Marine reservoir effects (MRE) have the potential to increase the dating uncertainty of humans incorporating marine resources into their diets. Here we attempt a novel dental wiggle-match model to reduce dating uncertainty of seven individuals from the Resmo megalithic tomb (Öland, Sweden) and to test whether this model can be used to calculate MRE from a single tooth. Previous stable isotope ratio studies of these individuals demonstrated that their diets changed, between more or less marine protein, during the early years of their lives. Several incremental samples of dentine from each individual were subjected to radiocarbon dating and stable isotope ratio analysis. An OxCal model was designed that makes use of the known formation sequence of human teeth to reduce overall dating uncertainty. The new dental wiggle-match model is able to reduce overall dating uncertainty in all of the sampled individuals compared to more conventional 14C calibration methods. A utility of the dental wiggle model to estimate marine reservoir effects without associated faunal material is also demonstrated, with promising results.

Keywords
Wiggle matching, Dentine, Radiocarbon, Marine reservoir effect, The Baltic sea, Sub-sampling
National Category
Archaeology
Identifiers
urn:nbn:se:su:diva-189694 (URN)10.1016/j.quaint.2021.03.030 (DOI)
Available from: 2021-02-02 Created: 2021-02-02 Last updated: 2023-11-21Bibliographically approved
Dury, J. P. R., Lidén, K., Harris, A. J. T. & Eriksson, G. (2021). Dental wiggle matching: Radiocarbon modelling of sub-sampled archaeological human dentine. Quaternary International, 595, 118-127
Open this publication in new window or tab >>Dental wiggle matching: Radiocarbon modelling of sub-sampled archaeological human dentine
2021 (English)In: Quaternary International, ISSN 1040-6182, E-ISSN 1873-4553, Vol. 595, p. 118-127Article in journal (Refereed) Published
Abstract [en]

Marine reservoir effects (MRE) have the potential to increase the dating uncertainty of humans incorporating marine resources into their diets. Here we attempt a novel dental wiggle-match model to reduce dating uncertainty of seven individuals from the Resmo megalithic tomb (Öland, Sweden) and to test whether this model can be used to calculate MRE from a single tooth. Previous stable isotope ratio studies of these individuals demonstrated that their diets changed, between more or less marine protein, during the early years of their lives. Several incremental samples of dentine from each individual were subjected to radiocarbon dating and stable isotope ratio analysis. An OxCal model was designed that makes use of the known formation sequence of human teeth to reduce overall dating uncertainty. The new dental wiggle-match model is able to reduce overall dating uncertainty in all of the sampled individuals compared to more conventional 14C calibration methods. A utility of the dental wiggle model to estimate marine reservoir effects without associated faunal material is also demonstrated, with promising results.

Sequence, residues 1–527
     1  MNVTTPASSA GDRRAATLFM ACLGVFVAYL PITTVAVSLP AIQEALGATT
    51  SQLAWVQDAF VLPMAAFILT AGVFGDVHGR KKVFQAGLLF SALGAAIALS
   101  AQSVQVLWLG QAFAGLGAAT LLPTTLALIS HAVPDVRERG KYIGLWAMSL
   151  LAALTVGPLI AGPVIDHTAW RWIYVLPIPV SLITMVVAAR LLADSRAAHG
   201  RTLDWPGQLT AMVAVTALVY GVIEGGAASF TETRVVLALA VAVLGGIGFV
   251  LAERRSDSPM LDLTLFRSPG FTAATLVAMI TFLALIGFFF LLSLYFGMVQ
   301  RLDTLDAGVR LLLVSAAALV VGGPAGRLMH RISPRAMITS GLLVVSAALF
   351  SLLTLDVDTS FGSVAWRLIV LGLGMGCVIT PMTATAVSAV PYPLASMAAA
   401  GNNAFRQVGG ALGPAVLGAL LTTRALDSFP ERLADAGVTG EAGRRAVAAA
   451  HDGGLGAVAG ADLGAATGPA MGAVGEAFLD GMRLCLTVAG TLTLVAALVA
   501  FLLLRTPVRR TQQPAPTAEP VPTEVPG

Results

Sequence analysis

Keywords
Wiggle matching, Dentine, Radiocarbon, Marine reservoir effect, The Baltic sea, Sub-sampling
National Category
History and Archaeology
Identifiers
urn:nbn:se:su:diva-195984 (URN)10.1016/j.quaint.2021.03.030 (DOI)000663575400002 ()
Available from: 2021-08-31 Created: 2021-08-31 Last updated: 2022-02-25Bibliographically approved
Fjellström, M., Lindgren, Å., López-Costas, O., Eriksson, G. & Lidén, K. (2021). Food, Mobility, and Health in a 17th and 18th Century Arctic Mining Population in Silbojokk, Swedish Sapmi. Arctic, 74(2), 113-238
Open this publication in new window or tab >>Food, Mobility, and Health in a 17th and 18th Century Arctic Mining Population in Silbojokk, Swedish Sapmi
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2021 (English)In: Arctic, ISSN 0004-0843, E-ISSN 1923-1245, Vol. 74, no 2, p. 113-238Article in journal (Refereed) Published
Abstract [en]

Established in 1635, the silver mine of Nasafjall and the smeltery site in Silbojokk in Swedish Sapmi were used during several phases until the late 19th century. Excavations in Silbojokk, c. 40 km from Nasafjall, have revealed buildings such as a smeltery, living houses, a bakery, and a church with a churchyard. From the beginning, both local and non-local individuals worked at the mine and the smeltery. Non-locals were recruited to work in the mine and at the smeltery, and the local Semi population was recruited to transport the silver down to the Swedish coast. Females, males, and children of different ages were represented among the individuals buried at the churchyard in Silbojokk, which was used between c. 1635 and 1770. Here we study diet, mobility, and exposure to lead (Pb) in the smeltery workers, the miners, and the local population. By employing isotopic analysis, delta C-13, delta N-15, delta S-34, Sr-87/Sr-86 and elemental analysis, we demonstrate that individuals in Silbojokk had a homogenous diet, except for two individuals. In addition, both local and non-local individuals were all exposed to Pb, which in some cases could have been harmful to their health.